Emma Goldman is largely an unknown figure today. She deserves wider recognition. She was born in Lithuania and died in 1940. She spent many years as an organizer in the United States. She was a major anarchist thinker and activist as well as a passionate advocate for women’s rights. Anarchism today is mostly viewed negatively. It’s seen as a synonym for disorder and chaos. Few recognize it as a political philosophy rooted in the ideals of the Enlightenment. Noam Chomsky calls it “the libertarian wing of socialism.” Anarchism not only opposes the institutions of state coercion and violence, it questions the very legitimacy of the state.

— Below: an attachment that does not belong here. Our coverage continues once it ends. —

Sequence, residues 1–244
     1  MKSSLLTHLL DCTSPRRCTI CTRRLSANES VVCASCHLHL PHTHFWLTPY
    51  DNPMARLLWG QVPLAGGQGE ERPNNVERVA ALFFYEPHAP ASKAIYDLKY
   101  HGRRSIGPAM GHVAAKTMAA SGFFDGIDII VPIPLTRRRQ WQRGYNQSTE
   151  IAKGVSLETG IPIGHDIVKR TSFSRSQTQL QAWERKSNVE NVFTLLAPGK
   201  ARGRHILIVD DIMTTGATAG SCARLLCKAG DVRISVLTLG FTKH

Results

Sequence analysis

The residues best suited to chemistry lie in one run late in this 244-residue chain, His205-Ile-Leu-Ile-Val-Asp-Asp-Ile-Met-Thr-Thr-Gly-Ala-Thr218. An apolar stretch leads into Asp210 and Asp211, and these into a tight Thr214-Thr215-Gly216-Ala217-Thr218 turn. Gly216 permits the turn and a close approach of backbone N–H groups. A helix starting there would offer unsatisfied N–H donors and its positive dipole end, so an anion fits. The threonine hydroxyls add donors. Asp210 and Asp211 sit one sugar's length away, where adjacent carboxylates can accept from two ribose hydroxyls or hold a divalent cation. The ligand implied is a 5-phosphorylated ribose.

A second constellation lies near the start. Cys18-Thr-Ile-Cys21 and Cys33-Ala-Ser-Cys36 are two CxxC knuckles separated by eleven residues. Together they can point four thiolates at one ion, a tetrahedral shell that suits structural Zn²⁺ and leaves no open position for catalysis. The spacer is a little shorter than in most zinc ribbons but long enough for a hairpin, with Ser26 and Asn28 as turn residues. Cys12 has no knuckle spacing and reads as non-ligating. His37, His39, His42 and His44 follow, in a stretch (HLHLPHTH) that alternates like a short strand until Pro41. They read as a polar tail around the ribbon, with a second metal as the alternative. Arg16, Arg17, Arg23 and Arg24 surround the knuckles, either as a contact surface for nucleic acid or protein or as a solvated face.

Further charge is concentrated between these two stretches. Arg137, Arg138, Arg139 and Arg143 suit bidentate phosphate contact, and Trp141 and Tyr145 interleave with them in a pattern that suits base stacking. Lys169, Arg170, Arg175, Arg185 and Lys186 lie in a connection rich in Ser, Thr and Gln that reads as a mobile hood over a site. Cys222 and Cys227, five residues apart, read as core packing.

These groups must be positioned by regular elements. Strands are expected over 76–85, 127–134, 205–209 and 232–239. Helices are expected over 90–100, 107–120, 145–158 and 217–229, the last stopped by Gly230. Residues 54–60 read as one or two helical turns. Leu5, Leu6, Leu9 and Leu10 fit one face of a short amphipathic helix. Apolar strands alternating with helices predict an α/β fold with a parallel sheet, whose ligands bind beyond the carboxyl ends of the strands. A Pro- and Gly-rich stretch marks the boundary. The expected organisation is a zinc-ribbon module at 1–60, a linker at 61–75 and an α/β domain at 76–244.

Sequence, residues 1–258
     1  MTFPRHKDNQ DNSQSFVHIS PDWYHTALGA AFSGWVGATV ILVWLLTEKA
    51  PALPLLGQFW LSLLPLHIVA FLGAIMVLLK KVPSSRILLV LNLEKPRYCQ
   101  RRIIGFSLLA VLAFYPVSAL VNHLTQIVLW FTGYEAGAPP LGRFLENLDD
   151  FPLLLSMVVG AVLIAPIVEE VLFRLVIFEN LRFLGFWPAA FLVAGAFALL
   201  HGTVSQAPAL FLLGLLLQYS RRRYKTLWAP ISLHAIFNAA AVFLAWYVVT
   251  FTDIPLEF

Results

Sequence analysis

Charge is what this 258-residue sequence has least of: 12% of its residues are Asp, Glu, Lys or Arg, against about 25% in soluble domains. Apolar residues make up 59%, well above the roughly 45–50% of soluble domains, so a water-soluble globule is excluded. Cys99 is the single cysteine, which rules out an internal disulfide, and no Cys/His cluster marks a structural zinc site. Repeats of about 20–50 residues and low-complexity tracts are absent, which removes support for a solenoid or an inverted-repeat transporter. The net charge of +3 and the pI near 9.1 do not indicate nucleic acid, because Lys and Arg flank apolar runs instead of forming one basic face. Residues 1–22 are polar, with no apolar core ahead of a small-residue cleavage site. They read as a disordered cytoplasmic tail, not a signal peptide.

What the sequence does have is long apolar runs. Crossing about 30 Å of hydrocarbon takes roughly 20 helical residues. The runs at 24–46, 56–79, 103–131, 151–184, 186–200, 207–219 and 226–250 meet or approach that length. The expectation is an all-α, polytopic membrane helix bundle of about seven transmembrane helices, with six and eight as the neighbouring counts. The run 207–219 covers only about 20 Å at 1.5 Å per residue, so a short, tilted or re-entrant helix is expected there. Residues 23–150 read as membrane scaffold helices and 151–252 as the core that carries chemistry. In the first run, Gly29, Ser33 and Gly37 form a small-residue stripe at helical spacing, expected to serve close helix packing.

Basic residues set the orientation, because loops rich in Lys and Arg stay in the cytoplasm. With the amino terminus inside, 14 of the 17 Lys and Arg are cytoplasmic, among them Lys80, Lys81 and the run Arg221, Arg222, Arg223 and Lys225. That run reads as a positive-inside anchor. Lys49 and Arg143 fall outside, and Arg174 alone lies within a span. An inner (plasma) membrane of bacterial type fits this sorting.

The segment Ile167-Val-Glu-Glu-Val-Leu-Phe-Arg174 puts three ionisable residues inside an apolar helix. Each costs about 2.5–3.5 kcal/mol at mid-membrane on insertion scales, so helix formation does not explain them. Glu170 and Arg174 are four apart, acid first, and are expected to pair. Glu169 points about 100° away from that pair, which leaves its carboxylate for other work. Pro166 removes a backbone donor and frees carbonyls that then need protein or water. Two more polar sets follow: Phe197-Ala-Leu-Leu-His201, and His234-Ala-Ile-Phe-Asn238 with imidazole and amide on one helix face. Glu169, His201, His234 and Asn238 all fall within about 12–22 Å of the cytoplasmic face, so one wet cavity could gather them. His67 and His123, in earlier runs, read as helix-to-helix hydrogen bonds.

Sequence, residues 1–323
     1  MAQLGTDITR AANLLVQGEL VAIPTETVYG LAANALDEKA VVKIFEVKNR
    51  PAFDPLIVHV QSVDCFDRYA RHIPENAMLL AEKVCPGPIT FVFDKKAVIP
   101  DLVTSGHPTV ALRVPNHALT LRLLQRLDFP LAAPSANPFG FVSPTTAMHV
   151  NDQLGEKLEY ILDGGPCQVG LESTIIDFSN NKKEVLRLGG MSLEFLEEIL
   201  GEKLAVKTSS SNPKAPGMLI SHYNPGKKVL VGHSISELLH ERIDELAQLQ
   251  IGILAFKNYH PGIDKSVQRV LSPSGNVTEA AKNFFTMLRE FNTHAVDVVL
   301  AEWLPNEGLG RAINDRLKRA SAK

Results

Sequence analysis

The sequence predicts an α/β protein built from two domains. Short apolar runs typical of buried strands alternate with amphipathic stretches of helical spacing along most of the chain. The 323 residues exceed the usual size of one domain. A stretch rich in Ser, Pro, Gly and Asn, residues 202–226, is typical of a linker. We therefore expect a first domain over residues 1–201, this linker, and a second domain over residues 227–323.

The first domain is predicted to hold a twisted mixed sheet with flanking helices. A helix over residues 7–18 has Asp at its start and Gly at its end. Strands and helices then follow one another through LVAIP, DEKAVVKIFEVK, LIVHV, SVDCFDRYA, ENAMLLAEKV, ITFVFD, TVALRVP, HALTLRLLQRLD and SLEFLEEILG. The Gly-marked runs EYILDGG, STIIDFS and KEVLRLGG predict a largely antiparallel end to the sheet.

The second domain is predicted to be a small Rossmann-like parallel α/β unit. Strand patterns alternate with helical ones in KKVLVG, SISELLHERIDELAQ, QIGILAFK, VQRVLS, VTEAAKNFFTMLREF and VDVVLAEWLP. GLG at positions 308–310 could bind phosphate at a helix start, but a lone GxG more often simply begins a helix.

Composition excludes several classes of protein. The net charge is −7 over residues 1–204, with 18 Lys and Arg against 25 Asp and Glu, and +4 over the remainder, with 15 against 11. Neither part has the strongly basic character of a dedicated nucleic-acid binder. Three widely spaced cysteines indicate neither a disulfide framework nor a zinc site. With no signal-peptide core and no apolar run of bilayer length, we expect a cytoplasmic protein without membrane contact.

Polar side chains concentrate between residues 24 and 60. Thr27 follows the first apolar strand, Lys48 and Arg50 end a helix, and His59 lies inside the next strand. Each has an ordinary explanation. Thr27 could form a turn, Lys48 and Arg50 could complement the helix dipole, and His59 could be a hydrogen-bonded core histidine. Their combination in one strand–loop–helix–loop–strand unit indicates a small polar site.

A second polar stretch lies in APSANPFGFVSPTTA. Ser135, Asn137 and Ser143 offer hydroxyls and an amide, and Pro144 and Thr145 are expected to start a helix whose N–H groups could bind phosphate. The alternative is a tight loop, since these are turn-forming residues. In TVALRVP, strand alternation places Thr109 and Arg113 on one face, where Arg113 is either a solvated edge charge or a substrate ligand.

Howard Zinn, professor emeritus at Boston University, was perhaps this country’s premier radical historian. He was born in Brooklyn in 1922. His parents, poor immigrants, were constantly moving to stay, as he once told me,” one step ahead of the landlord.” After high school, he went to work in the Brooklyn Navy Yard. During World War II, he saw combat duty as an air force bombardier. After the war, he went to Columbia University on the GI Bill. He taught at Spelman, the all black women’s college in Atlanta. He was an active figure in the civil rights movement and served on the board of SNCC, the Student Nonviolent Coordinating Committee. He was fired by Spelman for his activism. He was among the first to oppose U.S. aggression in Indochina. His book “Vietnam: The Logic of Withdrawal” was an instant classic. A principled opponent of imperialism and militarism, he was an advocate of non-violent civil disobedience. He spoke and marched against the U.S. wars on Afghanistan and Iraq. His masterpiece, “A People’s History of the United States,” continues to sell in huge numbers. Among his many books are “A Power Governments Cannot Suppress” and “Original Zinn.” Just before his death he completed his last great project, the documentary “The People Speak.” Always ready to lend a hand, he believed in and practiced solidarity. Witty, erudite, generous and loved, Howard Zinn, friend and teacher, passed away on January 27, 2010. His words inspire many the world over, “We don’t have to wait for some grand utopian future. To live now, as human beings should live, in defiance of all that is bad around us, is itself a marvelous victory.”